The Major Operations of the Navies in the War of American Independence

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CreateSpace Independent Publishing Platform, 2018. 7. 8. - 212페이지
The Major Operations of the Navies in the War of American Independence By Alfred Thayer Mahan CHAPTER I THE NAVAL CAMPAIGN ON LAKE CHAMPLAIN1775-1776 Preponderant effect of Control of the Water upon the Struggle for American Independence Deducible then from Reason and from Experience Consequent Necessity to the Americans of a Counterpoise to British Navy This obtained through Burgoyne's Surrender The Surrender of Burgoyne traceable directly to the Naval Campaigns on Lake Champlain, 1775, 1776 The subsequent Course of the War in all Quarters of the world due to that decisive Campaign The Strategic Problem of Lake Champlain familiar to Americans from the Wars between France and Great Britain prior to 1775 Consequent prompt Initiative by Ethan Allen and Benedict Arnold Energetic Pursuit of first Successes by Arnold Complete Control of Lake Champlain thus secured Invasion of Canada by Montgomery, 1775 Arnold marches through Maine Wilderness and joins Montgomery before Quebec Assault on Quebec. Failure, and Death of Montgomery Arnold maintains Blockade of Quebec, 1776 Relief of the Place by British Navy Arnold Retreats to Crown Point Arnold's Schemes and Diligence to create a Lake Navy, 1776 Difficulties to be overcome Superior Advantages of the British The British by building acquire Superiority, but too late for effect in 1776 Ultimate Consequences from this Retardation Constitution of the Naval Force raised by Arnold He moves with it to the foot of Lake Champlain Takes position for Defence at Valcour Island Particular Difficulties encountered by British Constitution of the British Lake Navy Land Forces of the Opponents Naval Forces of the Two at the Battle of Valcour Island Magnitude of the Stake at Issue Arnold's Purposes and Plans Advance of the British Arnold's Disposition of his Flotilla to receive Attack The Battle of Valcour Island The Americans Worsted Arnold Retreats by night Undetected Pursuit by the British Destruction of the American Vessels British Appreciation of the Importance of the Action, as shown Criticism of the conduct of the Opposing Leaders Arnold's Merit and Gallantry End of the Naval Story of the Lakes Effect of the Campaign upon the Decisive Events of 1777 CHAPTER II NAVAL ACTION AT BOSTON, CHARLESTON, NEW YORK, AND NARRAGANSETT BAY-ASSOCIATED LAND OPERATIONS, TO THE BATTLE OF TRENTON1776 Necessity that Force, if resorted to, be from the first Adequate Application to National Policy in peace To the Monroe Doctrine Failure of the British Government of 1775 in this respect Consequences of such failure General Howe evacuates Boston and retires to Halifax. Extent of his Command Dissemination of Effort by British Government Expedition against South Carolina Local Conditions about Charleston Description of Fort Moultrie Plan of British Naval Attack We are delighted to publish this classic book as part of our extensive Classic Library collection. Many of the books in our collection have been out of print for decades, and therefore have not been accessible to the general public. The aim of our publishing program is to facilitate rapid access to this vast reservoir of literature, and our view is that this is a significant literary work, which deserves to be brought back into print after many decades. The contents of the vast majority of titles in the Classic Library have been scanned from the original works. To ensure a high quality product, each title has been meticulously hand curated by our staff. Our philosophy has been guided by a desire to provide the reader with a book that is as close as possible to ownership of the original work. We hope that you will enjoy this wonderful classic work, and that for you it becomes an enriching experience.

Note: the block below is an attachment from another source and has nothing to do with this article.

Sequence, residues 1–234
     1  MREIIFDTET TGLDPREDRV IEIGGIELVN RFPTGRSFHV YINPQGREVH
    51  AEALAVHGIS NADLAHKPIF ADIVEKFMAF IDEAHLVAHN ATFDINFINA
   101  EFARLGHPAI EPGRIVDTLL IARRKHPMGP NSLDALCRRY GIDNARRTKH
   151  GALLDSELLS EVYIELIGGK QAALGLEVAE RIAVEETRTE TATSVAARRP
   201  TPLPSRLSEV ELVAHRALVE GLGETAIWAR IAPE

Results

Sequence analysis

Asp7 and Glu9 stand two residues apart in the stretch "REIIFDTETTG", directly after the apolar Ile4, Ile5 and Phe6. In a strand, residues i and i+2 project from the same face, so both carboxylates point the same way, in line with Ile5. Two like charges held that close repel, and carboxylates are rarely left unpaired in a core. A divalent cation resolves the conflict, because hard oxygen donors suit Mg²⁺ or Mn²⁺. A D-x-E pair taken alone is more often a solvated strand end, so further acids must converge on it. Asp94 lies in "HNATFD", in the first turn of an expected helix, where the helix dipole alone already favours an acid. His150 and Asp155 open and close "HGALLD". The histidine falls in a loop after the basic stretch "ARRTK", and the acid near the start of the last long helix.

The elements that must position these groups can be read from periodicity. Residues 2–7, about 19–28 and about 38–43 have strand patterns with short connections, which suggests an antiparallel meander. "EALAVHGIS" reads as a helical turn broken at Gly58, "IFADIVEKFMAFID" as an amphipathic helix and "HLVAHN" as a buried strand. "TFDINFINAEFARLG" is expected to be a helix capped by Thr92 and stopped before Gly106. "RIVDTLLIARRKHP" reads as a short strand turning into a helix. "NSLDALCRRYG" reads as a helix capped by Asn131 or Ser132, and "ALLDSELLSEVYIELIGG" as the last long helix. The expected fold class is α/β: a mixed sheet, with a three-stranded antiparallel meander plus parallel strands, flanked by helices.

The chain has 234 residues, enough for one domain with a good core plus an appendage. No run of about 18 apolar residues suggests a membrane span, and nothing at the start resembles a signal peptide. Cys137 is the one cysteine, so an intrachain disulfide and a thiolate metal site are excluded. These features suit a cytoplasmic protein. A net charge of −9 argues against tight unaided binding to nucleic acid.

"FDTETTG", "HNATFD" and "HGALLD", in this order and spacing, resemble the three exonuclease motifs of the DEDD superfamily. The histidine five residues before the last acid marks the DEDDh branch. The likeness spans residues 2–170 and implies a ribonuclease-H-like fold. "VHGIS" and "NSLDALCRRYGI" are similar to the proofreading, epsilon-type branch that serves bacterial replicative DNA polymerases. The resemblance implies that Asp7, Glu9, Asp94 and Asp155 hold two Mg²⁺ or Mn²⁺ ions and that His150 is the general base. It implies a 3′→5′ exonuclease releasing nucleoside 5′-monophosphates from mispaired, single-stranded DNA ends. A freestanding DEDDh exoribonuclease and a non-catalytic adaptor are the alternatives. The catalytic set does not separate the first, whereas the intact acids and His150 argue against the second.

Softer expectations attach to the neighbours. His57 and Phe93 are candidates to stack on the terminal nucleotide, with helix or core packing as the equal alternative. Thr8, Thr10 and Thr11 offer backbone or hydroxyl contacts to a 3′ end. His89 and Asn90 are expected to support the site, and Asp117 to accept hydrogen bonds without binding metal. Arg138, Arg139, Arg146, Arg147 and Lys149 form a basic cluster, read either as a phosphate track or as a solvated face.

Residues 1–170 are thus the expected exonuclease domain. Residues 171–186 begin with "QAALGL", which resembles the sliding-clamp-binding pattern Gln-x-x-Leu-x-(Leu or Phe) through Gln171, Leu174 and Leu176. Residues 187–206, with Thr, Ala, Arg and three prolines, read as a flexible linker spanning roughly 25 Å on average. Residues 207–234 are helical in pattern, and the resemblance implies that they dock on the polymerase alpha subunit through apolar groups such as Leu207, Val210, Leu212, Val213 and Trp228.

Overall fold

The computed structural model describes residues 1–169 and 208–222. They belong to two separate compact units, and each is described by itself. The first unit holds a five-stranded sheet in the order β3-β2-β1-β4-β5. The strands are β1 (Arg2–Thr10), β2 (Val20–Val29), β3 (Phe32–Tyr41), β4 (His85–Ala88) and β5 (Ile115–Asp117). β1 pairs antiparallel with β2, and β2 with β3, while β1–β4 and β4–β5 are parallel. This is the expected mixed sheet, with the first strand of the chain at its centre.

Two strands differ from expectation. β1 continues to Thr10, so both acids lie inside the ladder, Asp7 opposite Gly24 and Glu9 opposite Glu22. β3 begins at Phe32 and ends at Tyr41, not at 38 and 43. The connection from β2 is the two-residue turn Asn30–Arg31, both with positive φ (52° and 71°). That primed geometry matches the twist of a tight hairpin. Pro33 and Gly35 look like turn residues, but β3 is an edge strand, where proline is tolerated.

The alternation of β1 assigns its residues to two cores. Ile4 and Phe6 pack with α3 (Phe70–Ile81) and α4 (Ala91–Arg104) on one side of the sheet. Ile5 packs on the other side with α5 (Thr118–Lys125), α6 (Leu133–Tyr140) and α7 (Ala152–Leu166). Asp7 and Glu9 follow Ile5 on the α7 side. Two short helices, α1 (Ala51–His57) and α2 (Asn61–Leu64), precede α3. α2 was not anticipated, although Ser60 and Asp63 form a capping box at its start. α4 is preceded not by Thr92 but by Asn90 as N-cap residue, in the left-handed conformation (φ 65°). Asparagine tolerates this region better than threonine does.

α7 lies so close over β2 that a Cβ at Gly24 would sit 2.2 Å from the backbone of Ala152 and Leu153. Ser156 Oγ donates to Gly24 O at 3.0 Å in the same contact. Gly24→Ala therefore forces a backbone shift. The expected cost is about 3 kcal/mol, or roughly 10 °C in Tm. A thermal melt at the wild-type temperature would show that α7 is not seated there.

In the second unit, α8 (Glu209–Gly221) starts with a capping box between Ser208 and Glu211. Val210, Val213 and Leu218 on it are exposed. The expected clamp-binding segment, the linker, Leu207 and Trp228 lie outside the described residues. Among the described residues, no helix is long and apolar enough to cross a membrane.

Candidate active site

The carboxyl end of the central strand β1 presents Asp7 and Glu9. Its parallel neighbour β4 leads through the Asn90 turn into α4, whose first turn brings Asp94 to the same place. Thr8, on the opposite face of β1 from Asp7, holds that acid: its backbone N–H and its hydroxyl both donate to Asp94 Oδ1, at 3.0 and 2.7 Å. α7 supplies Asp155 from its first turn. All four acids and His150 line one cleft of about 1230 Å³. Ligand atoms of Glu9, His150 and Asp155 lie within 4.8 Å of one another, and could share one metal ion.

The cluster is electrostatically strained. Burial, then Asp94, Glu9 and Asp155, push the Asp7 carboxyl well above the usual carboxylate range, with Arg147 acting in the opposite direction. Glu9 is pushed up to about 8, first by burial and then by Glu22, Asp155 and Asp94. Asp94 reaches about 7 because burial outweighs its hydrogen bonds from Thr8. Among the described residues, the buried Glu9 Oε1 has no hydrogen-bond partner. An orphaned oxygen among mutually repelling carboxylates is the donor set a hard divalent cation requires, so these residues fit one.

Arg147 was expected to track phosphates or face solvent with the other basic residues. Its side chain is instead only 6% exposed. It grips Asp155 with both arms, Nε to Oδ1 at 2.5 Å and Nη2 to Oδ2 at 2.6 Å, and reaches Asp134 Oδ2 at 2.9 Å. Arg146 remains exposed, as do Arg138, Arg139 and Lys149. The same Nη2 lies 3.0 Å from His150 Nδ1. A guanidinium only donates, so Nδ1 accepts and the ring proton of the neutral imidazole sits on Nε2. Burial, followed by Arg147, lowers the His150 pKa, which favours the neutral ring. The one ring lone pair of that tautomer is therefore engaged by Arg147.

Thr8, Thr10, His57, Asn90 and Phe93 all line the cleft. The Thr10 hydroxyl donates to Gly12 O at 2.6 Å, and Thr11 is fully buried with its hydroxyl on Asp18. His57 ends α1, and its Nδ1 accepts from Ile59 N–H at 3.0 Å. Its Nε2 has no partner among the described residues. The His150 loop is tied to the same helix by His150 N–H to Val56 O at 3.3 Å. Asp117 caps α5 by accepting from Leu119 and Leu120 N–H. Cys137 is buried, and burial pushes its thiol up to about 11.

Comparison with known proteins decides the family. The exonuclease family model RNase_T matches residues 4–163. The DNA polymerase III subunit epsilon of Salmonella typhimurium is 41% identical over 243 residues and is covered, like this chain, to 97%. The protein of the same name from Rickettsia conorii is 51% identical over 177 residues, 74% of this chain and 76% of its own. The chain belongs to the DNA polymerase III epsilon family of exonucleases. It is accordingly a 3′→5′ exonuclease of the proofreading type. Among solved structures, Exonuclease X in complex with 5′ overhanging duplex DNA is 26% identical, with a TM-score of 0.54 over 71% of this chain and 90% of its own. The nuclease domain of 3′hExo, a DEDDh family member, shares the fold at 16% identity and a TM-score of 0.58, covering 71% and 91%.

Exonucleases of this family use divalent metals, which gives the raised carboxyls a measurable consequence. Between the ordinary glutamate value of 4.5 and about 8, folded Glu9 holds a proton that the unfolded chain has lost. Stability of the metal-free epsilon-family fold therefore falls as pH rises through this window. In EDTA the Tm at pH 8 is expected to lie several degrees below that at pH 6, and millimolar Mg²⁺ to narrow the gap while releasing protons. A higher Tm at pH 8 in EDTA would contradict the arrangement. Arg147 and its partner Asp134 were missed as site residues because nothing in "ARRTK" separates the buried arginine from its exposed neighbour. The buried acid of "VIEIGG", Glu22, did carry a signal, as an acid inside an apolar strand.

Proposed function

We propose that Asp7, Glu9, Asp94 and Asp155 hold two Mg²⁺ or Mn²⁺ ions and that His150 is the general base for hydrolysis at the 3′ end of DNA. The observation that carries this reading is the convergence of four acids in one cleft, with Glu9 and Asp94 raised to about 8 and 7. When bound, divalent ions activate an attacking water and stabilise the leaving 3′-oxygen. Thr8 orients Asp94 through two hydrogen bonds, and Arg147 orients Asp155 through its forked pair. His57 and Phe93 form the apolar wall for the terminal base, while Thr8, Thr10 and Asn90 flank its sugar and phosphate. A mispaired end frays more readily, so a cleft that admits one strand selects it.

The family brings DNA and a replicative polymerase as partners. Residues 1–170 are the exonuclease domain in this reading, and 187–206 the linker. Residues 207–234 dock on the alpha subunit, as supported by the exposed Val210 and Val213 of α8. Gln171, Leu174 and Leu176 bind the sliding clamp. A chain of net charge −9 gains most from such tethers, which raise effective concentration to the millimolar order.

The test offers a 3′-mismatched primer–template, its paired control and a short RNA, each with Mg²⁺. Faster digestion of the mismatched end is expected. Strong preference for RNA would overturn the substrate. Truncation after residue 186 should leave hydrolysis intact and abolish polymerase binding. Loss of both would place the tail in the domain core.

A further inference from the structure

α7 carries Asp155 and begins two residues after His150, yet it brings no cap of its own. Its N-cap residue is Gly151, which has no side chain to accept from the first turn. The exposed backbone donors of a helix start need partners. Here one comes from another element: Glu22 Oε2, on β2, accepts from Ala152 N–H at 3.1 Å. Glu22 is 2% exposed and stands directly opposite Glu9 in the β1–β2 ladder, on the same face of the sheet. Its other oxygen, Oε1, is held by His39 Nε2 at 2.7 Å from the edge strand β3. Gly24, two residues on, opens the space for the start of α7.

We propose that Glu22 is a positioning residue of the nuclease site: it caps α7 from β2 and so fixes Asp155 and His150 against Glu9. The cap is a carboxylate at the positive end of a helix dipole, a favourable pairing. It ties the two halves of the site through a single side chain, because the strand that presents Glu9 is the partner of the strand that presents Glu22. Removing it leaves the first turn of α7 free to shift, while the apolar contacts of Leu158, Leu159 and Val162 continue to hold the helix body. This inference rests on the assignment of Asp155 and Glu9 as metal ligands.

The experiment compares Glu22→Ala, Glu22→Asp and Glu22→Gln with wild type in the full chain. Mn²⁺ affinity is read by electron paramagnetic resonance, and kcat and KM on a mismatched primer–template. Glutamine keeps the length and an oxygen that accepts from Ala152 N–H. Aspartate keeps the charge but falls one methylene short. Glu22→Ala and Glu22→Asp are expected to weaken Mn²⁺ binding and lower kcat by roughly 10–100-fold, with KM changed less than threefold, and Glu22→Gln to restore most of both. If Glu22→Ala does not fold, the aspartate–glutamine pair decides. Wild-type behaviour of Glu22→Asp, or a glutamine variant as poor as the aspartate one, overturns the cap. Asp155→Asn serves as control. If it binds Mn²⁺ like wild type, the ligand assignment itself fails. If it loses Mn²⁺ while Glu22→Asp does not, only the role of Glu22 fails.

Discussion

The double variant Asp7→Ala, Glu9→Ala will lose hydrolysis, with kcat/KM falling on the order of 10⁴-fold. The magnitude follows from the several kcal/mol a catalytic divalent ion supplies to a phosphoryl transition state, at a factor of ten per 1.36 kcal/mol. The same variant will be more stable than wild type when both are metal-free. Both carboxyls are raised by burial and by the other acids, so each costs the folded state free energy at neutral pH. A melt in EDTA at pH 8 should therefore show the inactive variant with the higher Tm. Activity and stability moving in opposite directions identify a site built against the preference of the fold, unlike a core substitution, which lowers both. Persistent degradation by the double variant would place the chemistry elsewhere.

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Alfred Thayer Mahan was born on September 27, 1840 at West Point, New York, where his father was a professor of Civil and Military Engineering at the U.S. Military Academy. He graduated from the Naval Academy in 1859 and embarked on a nearly 40-year naval career seeing duty in the South Atlantic and Gulf of Mexico against the Confederacy. He taught briefly at Annapolis, but spent most of his academic career at the newly founded Naval War College in Newport, Rhode Island, where he eventually served as president. He wrote twenty books during his lifetime including The Influence of Sea Power upon History, 1660-1783; The Influence of Sea Power upon the French Revolution and Empire, 1793-1812; The Interest of America in Sea Power, Present and Future; The Life of Nelson; and The Major Operations of the Navies in the War of American Independence. He died on December 1, 1914.

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